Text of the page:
Chrystel MARCHAND (b. 1958)
Piano Sonata No. 2, after fragments of Vasily Grossman's Life and Fate (2012) [13:44]
Two moments musicaux (1995) [6:07]
La valleuse aux fées, for four hands [5:13]
Two Narrative Pieces (2001-07) [6:17]
Piano Sonata No. 1, in memoriam Nadia Boulanger (1980) [12:31]
Digressions (1983-84) [5:43]
Allégories (1989) [13:01]
Aurélien Richard (piano)
Jean-Pierre Ferey (piano four hands)
rec. 2012, Chapelle Notre-Dame des Aydes de Blois, France
SKARBO DSK1123 [63:50]
As far as I'm aware, this is the only recording devoted exclusively to the music of Chrystel Marchand. She was born in 1958, studied at the Paris Conservatoire with Claude Baillif and Serge Nigg, spent some time with Nadia Boulanger and holds a doctorate in musicology from the University of Paris. Aside from solo piano music, her compositional oeuvre embraces works for string orchestra, wind ensemble, vocal and chamber music. She works in education and research in Paris.
The two Piano Sonatas form the centrepiece of this recital. The First Sonata dates from 1980 and is dedicated to Nadia Boulanger. In three movements, the opener is a serious affair, comprising of solemn chords or knells. There follows a Très modéré which, despite its tortuous character, does veer towards lyricism. The finale contains faint whisperings of Chopin’s Barcarolle, a piece Marchand had worked on with Boulanger. An air of resignation ends the work.
I much prefer the Second Sonata, penned twenty-two years later in 2012. It seems altogether more accomplished. The composer was inspired to write it after reading Vasily Grossman’s Life and Fate, his magnum opus from 1960. The music reflects the tragedy of the death camps depicted in the novel, and conforms to the rhythm of the book’s chapters. Throughout this one-movement work, the forces of good and evil are pitched against each other. Good is portrayed with lyricism, evil with harsh, angular and brutal dissonance. Irina Shostakovich is the dedicatee.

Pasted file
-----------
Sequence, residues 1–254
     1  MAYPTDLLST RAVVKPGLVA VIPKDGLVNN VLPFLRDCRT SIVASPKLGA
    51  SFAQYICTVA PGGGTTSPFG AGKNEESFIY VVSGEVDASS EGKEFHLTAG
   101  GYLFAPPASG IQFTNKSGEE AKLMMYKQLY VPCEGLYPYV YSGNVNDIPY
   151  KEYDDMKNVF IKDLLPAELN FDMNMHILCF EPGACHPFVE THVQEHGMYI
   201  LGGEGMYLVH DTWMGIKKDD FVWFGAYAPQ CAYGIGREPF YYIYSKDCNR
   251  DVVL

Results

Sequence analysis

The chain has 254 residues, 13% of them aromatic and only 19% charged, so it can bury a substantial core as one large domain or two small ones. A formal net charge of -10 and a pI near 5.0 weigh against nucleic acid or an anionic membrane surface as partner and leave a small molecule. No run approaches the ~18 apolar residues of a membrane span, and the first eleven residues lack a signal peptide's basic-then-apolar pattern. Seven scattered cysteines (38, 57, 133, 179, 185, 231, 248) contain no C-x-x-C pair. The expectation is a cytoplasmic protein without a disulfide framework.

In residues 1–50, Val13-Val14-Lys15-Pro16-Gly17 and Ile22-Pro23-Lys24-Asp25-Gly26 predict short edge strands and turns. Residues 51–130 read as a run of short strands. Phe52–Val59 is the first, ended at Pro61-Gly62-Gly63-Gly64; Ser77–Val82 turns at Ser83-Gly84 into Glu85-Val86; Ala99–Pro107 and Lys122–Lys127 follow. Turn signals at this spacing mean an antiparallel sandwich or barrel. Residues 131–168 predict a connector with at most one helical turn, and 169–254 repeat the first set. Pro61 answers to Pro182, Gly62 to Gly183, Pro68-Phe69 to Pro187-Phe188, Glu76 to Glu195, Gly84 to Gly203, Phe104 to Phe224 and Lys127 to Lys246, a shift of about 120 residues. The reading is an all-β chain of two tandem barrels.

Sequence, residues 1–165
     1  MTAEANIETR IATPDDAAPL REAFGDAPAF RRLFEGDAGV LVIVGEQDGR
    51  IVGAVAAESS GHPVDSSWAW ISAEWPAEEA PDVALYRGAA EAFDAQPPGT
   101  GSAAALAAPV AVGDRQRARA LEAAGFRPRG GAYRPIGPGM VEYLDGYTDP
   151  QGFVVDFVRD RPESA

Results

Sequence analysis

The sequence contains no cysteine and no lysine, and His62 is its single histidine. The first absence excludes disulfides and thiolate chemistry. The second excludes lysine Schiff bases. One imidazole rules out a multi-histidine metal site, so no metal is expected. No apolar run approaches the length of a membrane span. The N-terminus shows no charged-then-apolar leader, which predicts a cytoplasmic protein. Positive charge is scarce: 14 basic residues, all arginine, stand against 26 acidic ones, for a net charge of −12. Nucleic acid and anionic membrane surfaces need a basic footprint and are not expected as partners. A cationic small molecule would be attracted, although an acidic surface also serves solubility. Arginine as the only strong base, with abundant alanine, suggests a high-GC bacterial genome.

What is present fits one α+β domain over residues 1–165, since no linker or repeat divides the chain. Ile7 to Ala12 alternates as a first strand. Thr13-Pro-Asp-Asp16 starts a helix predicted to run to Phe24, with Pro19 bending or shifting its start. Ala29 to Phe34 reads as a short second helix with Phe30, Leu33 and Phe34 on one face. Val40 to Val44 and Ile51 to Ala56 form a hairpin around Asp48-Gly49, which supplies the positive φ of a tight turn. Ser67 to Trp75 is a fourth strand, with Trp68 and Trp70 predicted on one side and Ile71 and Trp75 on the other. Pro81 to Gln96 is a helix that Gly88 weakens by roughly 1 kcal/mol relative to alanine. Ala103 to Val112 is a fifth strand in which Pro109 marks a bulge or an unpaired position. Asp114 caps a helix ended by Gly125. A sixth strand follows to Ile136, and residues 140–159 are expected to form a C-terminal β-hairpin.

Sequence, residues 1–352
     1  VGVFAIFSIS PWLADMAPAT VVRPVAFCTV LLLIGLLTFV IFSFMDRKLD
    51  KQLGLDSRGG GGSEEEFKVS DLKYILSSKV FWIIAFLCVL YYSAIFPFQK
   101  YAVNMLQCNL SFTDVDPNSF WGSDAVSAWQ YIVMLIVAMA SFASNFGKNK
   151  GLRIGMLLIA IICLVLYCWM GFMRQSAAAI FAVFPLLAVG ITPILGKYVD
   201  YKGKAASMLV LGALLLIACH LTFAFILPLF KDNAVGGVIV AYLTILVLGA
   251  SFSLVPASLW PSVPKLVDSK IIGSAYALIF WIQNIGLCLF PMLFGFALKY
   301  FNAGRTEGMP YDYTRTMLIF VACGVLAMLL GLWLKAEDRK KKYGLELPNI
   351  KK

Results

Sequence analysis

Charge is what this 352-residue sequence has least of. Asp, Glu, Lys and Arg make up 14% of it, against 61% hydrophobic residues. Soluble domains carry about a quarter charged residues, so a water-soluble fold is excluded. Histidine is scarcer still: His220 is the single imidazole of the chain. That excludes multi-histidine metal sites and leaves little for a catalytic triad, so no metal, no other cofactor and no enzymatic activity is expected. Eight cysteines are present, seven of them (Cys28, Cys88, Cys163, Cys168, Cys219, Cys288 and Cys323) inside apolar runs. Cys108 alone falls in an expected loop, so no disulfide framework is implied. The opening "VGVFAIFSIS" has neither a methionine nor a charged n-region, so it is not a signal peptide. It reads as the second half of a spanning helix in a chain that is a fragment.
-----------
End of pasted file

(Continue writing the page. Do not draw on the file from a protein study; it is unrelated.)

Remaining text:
The Two moments musicaux (1995) are, in the words of the composer, an attempt to “search for a great lyrical curve that explores the piano's registers as well as its textures". The first portrays characters that are heroic and poetic, with particular reference to Micheline Ostermeyer (1922-2001), one of Marchand's piano professors, who was also an Olympic champion in the London Games of 1948. The second is darker and less impetuous, and is quite elfin and dance-like in parts. Just over ten years later come the Two Narrative Pieces. The first Sans Eurydice laments the death of one of the composer's students. Its somber and elegiac character incorporates quotations form Berlioz and Chopin. No. 2, titled Retrouver Eurydice is quite discordant and angular, and underpinned by a melancholy similar to its companion’s.
Digressions is an early work, a sort of theme and variations. It runs a sinuous course and sounds more atonal than the other works on the disc. Allégories, written in 1989, is a suite of three pieces, each “a symbolic representation of the material of three visual artists”. No. 1 portrays the motion and line of a Yves Bodiou sculpture, whilst No. 2 depicts the impasto of Jacques Dromart’s canvasses. The last one is concerned with the precision of Chantal Lascurettes’ dry-point.
For La valleuse aux fées, for four hands, Aurélien Richard is joined by Jean-Pierre Ferey. The work is inspired by the Norman legend “The City of Limas”. It’s in lighter vein than much of the other music on the disc, and provides a pleasing contrast.
Aurélien Richard is a persuasive advocate of Marchand’s music. His rich palette of colourful sonorities showcases this music at its very best. He’s been well-recorded, with the piano sitting well in the spacious, yet warm, acoustic of the Chapelle Notre-Dame des Aydes de Blois. Marchand provides her own liner notes.